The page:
Australian Weather Calendar: January 2020

January Photograph by Aaron Stanley, APS Photography

A bright light during dark days

It's not just the weather extremes that make Antarctica one of the harshest places to live in the world—the continent is subject to periods of complete darkness during winter, and 24 hours of daylight for a time over summer. Aaron Stanley experienced all the high and lows of life on the icy continent while working for the Bureau of Meteorology as a Technical Officer/Engineer at Davis Research Station in 2016. His account from the time paints a vivid picture of the conditions he braved to capture the aurora australis: 'The sun set for the final time here at Davis station on 2 June at 1:58 pm, just 24 minutes after sunrise. We will see the sun again in 38 days, but only for 45 minutes. To help illuminate the night sky, the aurora has been putting on a spectacular display that lasted three days! At 2 am on Monday morning I rang the aurora hotline, waking up my fellow aurora-hunting expeditioners to be greeted with a very fast-moving aurora overhead. Then again at 1 am on Tuesday morning there was a large, fast-moving band overhead. It was not for the faint-hearted, as the temperatures outside were between −27 and −30 °C. I would describe it as a pianist playing fast-tempo music of light with no sound, the beams moving rapidly and swirling. Not much sleep was acquired during this time.'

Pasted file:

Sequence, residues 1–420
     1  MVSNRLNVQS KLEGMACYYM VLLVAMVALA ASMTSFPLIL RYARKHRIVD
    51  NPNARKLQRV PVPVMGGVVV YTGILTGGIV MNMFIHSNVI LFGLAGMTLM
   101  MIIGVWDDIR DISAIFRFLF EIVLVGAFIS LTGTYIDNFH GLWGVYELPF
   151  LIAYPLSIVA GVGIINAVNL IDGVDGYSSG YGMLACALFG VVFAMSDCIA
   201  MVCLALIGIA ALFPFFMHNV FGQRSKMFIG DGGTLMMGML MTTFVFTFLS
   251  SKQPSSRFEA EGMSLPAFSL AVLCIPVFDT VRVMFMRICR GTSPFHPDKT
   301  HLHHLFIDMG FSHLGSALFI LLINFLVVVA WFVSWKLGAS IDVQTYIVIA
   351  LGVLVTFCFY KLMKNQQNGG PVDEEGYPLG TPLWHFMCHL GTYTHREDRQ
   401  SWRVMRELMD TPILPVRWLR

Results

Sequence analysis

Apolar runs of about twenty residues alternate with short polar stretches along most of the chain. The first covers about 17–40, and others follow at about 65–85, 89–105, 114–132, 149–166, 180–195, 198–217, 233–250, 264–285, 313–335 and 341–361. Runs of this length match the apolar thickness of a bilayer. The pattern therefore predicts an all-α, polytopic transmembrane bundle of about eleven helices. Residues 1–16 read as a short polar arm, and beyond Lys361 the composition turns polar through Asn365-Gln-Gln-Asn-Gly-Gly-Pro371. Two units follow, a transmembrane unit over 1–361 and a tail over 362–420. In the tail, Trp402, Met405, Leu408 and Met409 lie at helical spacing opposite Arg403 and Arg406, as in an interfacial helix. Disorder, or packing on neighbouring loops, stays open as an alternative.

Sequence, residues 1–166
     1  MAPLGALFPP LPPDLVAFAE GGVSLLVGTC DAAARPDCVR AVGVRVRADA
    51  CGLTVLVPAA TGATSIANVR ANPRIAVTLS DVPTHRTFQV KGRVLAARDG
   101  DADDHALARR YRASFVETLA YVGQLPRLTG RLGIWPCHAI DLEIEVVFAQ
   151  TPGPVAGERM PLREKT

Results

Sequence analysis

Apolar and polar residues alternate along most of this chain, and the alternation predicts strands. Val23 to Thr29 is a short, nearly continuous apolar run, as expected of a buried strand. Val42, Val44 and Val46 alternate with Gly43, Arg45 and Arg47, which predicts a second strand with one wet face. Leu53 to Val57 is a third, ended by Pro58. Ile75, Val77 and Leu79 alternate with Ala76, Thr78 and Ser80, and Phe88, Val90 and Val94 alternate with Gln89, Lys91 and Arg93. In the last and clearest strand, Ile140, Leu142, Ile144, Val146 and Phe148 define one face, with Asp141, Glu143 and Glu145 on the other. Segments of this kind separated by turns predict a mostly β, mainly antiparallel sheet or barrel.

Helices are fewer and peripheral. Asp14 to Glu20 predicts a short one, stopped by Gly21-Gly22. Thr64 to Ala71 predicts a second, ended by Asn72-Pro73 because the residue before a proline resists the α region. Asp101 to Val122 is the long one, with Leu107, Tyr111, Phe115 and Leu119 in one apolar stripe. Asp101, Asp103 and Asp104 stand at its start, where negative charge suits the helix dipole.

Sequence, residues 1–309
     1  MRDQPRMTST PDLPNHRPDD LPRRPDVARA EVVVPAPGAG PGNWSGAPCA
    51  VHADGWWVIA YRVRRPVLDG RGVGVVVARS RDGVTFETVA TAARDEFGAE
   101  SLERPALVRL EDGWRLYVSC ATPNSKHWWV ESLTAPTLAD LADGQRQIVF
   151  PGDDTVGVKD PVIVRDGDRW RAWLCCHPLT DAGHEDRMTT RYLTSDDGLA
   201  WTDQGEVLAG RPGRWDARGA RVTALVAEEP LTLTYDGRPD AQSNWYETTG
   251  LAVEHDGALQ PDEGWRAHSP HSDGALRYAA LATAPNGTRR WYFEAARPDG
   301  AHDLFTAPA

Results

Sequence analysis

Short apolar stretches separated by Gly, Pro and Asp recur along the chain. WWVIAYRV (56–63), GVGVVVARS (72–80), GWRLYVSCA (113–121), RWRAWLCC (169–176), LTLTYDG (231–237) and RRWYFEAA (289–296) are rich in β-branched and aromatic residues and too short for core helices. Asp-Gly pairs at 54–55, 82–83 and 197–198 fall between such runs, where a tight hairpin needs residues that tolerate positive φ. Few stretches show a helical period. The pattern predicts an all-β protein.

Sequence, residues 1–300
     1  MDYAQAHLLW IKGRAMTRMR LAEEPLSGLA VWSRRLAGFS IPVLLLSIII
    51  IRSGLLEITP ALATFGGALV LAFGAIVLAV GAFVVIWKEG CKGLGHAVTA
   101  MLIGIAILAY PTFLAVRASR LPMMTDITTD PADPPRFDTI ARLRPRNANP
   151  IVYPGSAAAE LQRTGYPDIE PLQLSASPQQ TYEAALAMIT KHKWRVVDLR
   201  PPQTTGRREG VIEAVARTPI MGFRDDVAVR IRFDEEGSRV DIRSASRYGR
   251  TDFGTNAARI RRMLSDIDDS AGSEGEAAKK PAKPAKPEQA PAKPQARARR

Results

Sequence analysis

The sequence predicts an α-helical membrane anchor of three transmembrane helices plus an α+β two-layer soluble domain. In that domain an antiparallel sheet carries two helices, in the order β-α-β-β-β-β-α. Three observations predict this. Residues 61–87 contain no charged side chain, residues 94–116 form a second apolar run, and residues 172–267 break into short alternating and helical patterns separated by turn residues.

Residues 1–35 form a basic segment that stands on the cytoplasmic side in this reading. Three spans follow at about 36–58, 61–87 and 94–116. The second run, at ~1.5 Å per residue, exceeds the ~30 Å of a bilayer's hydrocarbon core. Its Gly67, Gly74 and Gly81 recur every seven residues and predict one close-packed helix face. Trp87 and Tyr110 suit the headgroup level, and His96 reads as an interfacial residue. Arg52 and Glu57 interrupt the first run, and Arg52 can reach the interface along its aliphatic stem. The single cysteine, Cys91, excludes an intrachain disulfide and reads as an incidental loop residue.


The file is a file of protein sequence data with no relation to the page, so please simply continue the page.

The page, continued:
The science

The swathe of green light shown here is a space weather phenomenon called 'aurora australis' or the southern lights—a common sight in Antarctica but sometimes also visible from southern Australia. Auroras are the result of events that begin on the Sun. The Sun is so hot that high-energy plasma (a gas of electrically charged particles) can escape from its gravitational field—known as solar wind. As these charged particles approach Earth, they're directed by the planet's magnetic field towards the north or south poles. Upon entering the atmosphere, they collide with atoms and trigger light emissions. The patterns and shapes of the aurora are determined by the changing flow of charged particles and the varying magnetic fields. The colour emitted depends on how energetic the collisions are, where they occur in the atmosphere and which atoms and molecules are involved. Oxygen releases greenish-yellow or red light, while nitrogen releases dark red or blue light.